The presentation layer is typically built with HTML, CSS, and JavaScript, which handle the layout, styling, and interactivity of the user interface. Modern frameworks like React, Angular, or Vue.js are often employed.


#2 Business Logic Layer (BLL)

The business logic layer contains the application’s business logic and functionality of the web applications. It handles user requests, processes data, and performs operations based on the defined rules and algorithms. The business logic layer ensures that the processed data is valid and accurate.

This layer often utilizes programming languages like Python, Java, or C#, along with frameworks and libraries that facilitate application development and provide tools for routing, validation, and data manipulation.


#3 Data Access Layer (DAL)

The data access layer is responsible for managing the storage and retrieval of data used by the application. It handles all communications with the database, as well as data persistence and its manipulation, ensuring the integrity and consistency of the information.

It typically involves a database or a combination of databases, such as relational databases (e.g., MySQL, PostgreSQL) or NoSQL databases (e.g., MongoDB, Cassandra).


#4 Data Service Layer (DSL)

The data service layer provides a service interface to the other application layers. It exposes the data access layer’s functionality and ensures that data is retrieved and stored consistently. It bridges the application layer and other components, allowing communication and data exchange with external systems or services. It enables integration with third-party APIs, databases, or microservices, enabling the web application to access and manipulate data from various sources.

In more complex architectures, an additional services layer may exist between the BLL and the DSL. This layer abstracts specific functionalities into modular services, providing a more decoupled and scalable system. Services can be designed to handle tasks such as authentication, authorization, file storage, email notifications, or payment processing, and they can be independently developed, tested, and deployed.


Types of web application architecture

There are various types of web application architecture, each with its own set of strengths and weaknesses.

The most common types include monolithic architecture, microservices, progressive web apps, and serverless architecture. By understanding their differences, you can make a far more insightful decision about which approach suits your next web application project. Your choice will ultimately depend on your application’s specific requirements.


#1 Monolithic architecture

A monolith is a traditional approach to building web applications, where all the components (front-end, back-end, database) are tightly coupled and packaged into a single application. This methodology is easy to develop and deploy but can become increasingly challenging to handle and scale as the application grows.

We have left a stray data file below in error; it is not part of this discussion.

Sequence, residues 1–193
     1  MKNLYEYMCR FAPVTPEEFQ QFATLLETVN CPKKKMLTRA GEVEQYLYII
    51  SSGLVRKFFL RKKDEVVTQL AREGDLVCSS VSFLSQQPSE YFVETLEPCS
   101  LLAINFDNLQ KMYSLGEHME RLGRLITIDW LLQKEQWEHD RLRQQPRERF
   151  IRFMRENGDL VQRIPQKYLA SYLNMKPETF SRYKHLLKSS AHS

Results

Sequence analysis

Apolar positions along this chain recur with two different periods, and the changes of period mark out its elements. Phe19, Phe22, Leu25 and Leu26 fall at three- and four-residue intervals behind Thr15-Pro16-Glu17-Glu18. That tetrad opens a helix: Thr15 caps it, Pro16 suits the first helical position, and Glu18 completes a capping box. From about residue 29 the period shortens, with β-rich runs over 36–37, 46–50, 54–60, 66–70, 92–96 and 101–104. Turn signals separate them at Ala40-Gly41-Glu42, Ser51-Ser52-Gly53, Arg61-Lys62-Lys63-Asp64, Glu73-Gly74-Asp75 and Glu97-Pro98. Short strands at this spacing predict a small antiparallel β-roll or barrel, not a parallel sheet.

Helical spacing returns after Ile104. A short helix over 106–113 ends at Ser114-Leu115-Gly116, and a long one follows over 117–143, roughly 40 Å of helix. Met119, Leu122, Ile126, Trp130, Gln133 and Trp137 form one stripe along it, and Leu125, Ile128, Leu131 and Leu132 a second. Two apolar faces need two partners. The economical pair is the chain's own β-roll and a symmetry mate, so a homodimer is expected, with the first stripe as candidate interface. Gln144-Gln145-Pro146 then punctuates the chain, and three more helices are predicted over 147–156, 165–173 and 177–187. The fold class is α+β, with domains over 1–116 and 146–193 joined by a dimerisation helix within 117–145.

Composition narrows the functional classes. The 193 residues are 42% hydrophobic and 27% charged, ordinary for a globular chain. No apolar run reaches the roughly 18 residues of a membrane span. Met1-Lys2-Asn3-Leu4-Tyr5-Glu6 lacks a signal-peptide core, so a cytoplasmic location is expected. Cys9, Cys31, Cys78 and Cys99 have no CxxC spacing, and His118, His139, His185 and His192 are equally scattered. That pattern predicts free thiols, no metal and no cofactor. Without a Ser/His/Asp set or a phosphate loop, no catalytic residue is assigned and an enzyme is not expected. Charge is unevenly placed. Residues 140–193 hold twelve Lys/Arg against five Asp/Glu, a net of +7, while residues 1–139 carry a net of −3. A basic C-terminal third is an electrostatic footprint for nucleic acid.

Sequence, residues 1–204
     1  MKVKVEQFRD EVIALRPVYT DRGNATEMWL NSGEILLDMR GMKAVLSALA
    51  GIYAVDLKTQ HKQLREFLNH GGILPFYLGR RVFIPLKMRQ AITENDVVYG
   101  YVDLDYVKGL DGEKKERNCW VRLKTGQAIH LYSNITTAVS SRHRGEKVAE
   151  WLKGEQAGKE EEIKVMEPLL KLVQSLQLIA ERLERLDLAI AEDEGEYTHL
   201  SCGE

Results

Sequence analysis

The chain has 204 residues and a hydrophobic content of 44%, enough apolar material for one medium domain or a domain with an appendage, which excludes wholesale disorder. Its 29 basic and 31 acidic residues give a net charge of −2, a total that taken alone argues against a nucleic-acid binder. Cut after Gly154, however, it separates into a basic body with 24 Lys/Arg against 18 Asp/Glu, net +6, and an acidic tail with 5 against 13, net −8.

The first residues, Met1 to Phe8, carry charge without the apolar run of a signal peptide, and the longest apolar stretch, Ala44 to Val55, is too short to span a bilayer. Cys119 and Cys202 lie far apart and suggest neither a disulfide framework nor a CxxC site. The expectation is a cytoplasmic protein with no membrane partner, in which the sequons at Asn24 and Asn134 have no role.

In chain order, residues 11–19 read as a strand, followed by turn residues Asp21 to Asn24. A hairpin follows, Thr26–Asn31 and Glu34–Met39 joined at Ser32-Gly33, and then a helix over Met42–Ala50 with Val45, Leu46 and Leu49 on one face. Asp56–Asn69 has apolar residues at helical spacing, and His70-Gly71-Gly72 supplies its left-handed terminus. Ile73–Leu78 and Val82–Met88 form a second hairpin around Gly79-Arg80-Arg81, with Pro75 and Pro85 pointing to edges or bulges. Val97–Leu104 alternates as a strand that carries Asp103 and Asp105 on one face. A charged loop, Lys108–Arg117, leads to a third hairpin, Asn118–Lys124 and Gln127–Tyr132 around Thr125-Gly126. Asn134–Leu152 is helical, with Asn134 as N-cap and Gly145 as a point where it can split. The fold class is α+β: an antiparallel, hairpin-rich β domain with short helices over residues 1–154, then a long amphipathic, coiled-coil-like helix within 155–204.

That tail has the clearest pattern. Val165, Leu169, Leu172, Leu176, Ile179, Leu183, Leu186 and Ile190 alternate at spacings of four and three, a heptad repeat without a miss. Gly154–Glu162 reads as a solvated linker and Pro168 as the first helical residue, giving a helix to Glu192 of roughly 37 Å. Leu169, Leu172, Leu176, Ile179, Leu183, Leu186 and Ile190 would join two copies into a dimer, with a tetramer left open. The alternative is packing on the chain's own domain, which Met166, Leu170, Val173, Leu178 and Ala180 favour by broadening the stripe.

#2 Microservices architecture

In contrast to monolithic architecture, microservices break the application into small, independent services that can be developed, deployed, and scaled independently of one another. While this approach offers more flexibility and scalability, it can also be far more complex to build and manage.


#3 Progressive web apps

Progressive web apps (PWAs) are web applications designed to function like native mobile apps, offering features like offline functionality, push notifications, and access to device hardware. PWAs are built using web technologies that can be deployed to any device with a web browser.


#4 Serverless architecture

Serverless architecture, also known as Function-as-a-Service (FaaS), is a newer approach to web application architecture that relies on cloud providers to manage the underlying infrastructure. Here developers write functions that are executed in response to events (such as user requests) without having to manage servers or infrastructure.


Application architecture diagram. Components of web application architecture

Web application architecture is a complex system comprised of various interdependent components. These components are crucial for building a web application that is scalable, efficient, and secure; therefore, understanding their interactions is essential.

Components of Web Application Architecture

A diagram showing the interactions between web application architecture’s components.


#1 DNS (Domain Name System)

A DNS translates domain names into IP addresses, enabling users to access websites using human-readable names. A DNS service ensures users can access your web application without issues.


#2 Web app servers

Web app servers are responsible for processing requests from clients and generating responses. These servers run application code and perform authentication, authorization, and session management tasks. Common web app servers include Apache, Nginx, and IIS.


#3 Load balancer

A load balancer distributes traffic across multiple servers to ensure the application can handle large requests. It also helps prevent server overloading by improving the application’s overall performance.


#4 Databases

Databases store and manage data used by the web application. The type of database used depends on the specific requirements of the application. Common databases include MySQL, PostgreSQL, and MongoDB.